|Publication number||US6626145 B2|
|Application number||US 09/682,457|
|Publication date||Sep 30, 2003|
|Filing date||Sep 5, 2001|
|Priority date||Oct 12, 2000|
|Also published as||CN1727658A, DE60132867T2, US20020043245|
|Publication number||09682457, 682457, US 6626145 B2, US 6626145B2, US-B2-6626145, US6626145 B2, US6626145B2|
|Inventors||Masahiko Enoyoshi, Naoya Isoda, Yoshiyuki Nagatsu|
|Original Assignee||Kabushiki Kaisha Moric|
|Export Citation||BiBTeX, EndNote, RefMan|
|Patent Citations (76), Non-Patent Citations (1), Referenced by (15), Classifications (39), Legal Events (7)|
|External Links: USPTO, USPTO Assignment, Espacenet|
This invention relates to an engine control method and apparatus and more particularly to an improved, simplified, highly effective and yet low cost arrangement for such control.
In internal combustion engines, a wide variety of systems and methodology are employed for engine control. Generally, smaller and lower volume engine applications incorporate generally less sophisticated controls than those employed on larger production volume engines such as automotive engines. Even in the small displacement lower production volume engines, for example those used in motorcycles, the engine control can become quite complicated.
For example and as shown in FIG. 1 the spark control for a motorcycle engine is shown schematically. The control arrangement is intended to control the firing of a spark plug 21 associated with an internal combustion engine 22 that powers the motorcycle, which is not shown in this figure, but which may be of a construction as generally shown in FIG. 3. An amplified spark voltage is applied to the spark plug 21 from an ignition coil 23, which, in turn, is controlled by an ignition timing control arrangement, indicated schematically at 24. This timing control arrangement 24 receives the inputs from a number of engine-associated sensors. These include a crankcase rotational speed sensor 25 which may comprise a pulser coil and a throttle position sensor 26, which is coupled to the throttle control mechanism for the engine 22 and inputs a signal to the control 24 indicative of engine load and/or operator demand.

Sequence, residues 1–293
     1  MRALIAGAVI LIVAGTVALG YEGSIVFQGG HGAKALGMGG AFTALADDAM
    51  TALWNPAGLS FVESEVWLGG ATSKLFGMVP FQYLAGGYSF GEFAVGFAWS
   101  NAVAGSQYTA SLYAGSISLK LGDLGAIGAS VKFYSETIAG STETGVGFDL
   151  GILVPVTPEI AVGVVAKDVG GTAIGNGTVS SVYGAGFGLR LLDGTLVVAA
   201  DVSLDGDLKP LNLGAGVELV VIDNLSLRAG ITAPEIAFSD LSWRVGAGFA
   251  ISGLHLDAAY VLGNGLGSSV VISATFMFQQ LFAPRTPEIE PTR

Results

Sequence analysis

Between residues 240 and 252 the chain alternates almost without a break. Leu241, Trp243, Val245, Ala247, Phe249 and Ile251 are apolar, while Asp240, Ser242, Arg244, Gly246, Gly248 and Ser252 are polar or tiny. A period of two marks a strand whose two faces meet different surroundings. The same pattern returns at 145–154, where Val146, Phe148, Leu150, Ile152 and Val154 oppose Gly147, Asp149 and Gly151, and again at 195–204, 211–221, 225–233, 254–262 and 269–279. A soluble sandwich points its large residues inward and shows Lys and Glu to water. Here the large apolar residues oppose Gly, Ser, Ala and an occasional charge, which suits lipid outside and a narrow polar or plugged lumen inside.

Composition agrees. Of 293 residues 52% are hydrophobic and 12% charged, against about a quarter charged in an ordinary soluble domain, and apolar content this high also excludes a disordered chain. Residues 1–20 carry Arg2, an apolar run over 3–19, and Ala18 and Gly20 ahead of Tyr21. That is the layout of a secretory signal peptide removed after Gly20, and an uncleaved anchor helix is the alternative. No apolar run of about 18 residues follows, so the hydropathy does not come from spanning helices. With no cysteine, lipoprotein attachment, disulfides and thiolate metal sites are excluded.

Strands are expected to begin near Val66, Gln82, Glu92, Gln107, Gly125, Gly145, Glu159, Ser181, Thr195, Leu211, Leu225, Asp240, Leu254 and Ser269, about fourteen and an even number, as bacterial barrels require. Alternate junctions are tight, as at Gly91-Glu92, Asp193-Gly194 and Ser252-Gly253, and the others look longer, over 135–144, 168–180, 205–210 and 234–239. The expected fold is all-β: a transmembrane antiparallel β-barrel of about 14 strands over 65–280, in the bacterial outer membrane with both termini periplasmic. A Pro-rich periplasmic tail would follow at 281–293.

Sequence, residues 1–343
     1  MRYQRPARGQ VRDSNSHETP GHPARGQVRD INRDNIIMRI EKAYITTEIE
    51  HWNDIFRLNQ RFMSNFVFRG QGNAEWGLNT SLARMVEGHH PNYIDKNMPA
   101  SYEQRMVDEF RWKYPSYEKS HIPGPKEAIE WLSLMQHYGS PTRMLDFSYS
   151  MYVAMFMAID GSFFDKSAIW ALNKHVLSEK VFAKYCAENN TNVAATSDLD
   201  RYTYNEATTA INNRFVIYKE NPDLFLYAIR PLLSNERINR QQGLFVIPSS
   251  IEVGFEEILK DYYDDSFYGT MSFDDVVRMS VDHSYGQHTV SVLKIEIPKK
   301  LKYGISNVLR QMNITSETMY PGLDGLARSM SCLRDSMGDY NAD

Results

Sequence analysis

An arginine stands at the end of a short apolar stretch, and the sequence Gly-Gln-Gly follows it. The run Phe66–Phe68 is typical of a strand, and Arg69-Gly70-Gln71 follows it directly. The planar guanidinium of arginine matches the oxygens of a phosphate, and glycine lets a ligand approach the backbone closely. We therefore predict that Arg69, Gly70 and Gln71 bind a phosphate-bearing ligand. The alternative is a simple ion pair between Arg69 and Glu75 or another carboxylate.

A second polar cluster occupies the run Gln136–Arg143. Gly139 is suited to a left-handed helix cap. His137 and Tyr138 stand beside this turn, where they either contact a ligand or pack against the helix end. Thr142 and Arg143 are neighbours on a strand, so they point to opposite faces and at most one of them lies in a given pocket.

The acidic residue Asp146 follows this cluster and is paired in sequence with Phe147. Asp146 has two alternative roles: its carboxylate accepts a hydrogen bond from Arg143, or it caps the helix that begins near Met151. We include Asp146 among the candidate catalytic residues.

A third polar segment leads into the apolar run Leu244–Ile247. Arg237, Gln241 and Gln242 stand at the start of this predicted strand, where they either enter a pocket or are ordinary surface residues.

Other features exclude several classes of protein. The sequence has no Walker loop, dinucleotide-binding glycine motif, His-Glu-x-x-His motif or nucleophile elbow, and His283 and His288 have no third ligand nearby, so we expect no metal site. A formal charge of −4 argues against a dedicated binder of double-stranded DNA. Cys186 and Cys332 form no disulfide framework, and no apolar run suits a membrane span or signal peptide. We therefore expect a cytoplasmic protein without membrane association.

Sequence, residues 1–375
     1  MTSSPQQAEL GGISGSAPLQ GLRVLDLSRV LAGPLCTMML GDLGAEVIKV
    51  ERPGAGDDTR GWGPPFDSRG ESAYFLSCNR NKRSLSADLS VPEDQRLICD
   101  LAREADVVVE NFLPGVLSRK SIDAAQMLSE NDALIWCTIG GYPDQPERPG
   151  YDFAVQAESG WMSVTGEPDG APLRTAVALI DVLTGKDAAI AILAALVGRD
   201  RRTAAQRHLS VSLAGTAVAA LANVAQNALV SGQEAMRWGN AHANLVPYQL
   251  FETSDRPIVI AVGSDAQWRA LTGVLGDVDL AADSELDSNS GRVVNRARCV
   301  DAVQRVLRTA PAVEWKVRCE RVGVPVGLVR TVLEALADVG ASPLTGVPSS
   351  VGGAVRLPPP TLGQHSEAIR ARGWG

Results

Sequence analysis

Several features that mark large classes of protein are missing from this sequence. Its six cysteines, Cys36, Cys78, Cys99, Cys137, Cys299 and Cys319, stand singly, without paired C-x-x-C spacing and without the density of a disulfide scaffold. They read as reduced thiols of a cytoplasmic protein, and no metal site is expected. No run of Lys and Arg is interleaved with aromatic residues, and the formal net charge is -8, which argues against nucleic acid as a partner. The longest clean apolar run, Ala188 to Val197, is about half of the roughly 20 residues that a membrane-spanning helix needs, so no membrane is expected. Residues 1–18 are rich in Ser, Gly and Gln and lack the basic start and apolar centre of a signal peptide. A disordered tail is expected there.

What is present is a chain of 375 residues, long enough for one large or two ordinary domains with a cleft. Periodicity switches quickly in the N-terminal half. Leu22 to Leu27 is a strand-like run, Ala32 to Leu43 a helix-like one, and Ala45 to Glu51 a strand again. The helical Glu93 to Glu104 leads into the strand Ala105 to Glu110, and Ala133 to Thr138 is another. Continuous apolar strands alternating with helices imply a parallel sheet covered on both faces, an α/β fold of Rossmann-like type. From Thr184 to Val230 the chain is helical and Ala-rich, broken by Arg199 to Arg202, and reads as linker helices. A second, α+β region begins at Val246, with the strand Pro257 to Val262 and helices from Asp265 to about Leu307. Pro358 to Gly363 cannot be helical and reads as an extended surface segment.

Electrical power is provided to the ignition control circuit 24 from a battery 27 through a main switch 28. This battery power is applied to a power source circuit 29 of the control 24 and specifically to an electronic circuit 31 which may comprise a microprocessor.
The output from the engine speed sensor 25 is transmitted to a rotational speed detector circuit 32, which counts the number of pulses generated in a time period so as to determine the rotational speed of the crankshaft of the engine 22.
This outputs a speed signal N to an ignition timing determining circuit, indicated at 33. In addition, the throttle position sensor 26 inputs a signal to a throttle position detector circuit 34. This detector circuit 34 outputs a signal a to a throttle opening calculating circuit 35. This, in turn, outputs a throttle angle position θ to the ignition timing determination circuit 33.
From these inputs, the ignition timing determining circuit outputs a signal at a time determined from maps contained in a memory of the circuit 31 to an ignition circuit 36 which may be of the capacitor discharge type so as to output an electrical output “i” to the coil 23 which is stepped up by the coil 23 to a value “l” for firing the spark plug 21 in a well-known manner.
FIG. 2 is a graph showing one of the maps which may be incorporated in the circuit 31 and shows how the spark timing is varied in response to engine speed for given load as determined by the throttle opening circuit. There may be a family of such curves so as to vary the ignition timing in response to both throttle position and engine speed.
Rather than using a throttle position sensor, load may be sensed by intake manifold vacuum. Either method, however, requires added sensors, transducers and circuitry.
It has been found that merely using engine speed and load as detected by something such as a throttle position or intake manifold vacuum sensor does not actually provide as good a control as desired. That is, these two factors by themselves may not be sufficient to provide the desired degree of control.
Although systems have been provided for automotive applications wherein more sophisticated controls are employed, this further adds to the cost of the system and does not always provide the optimum results.
There have also been other devices than throttle position sensors or vacuum sensors for sensing intake manifold vacuum for determining engine load. It also has been determined that engine load may be found by comparing engine speed from one revolution to another.
However, these systems also tend to be complicated and do not lend themselves particularly low production volume, low cost vehicle applications. They also have the disadvantage of requiring a plurality of different types of sensors.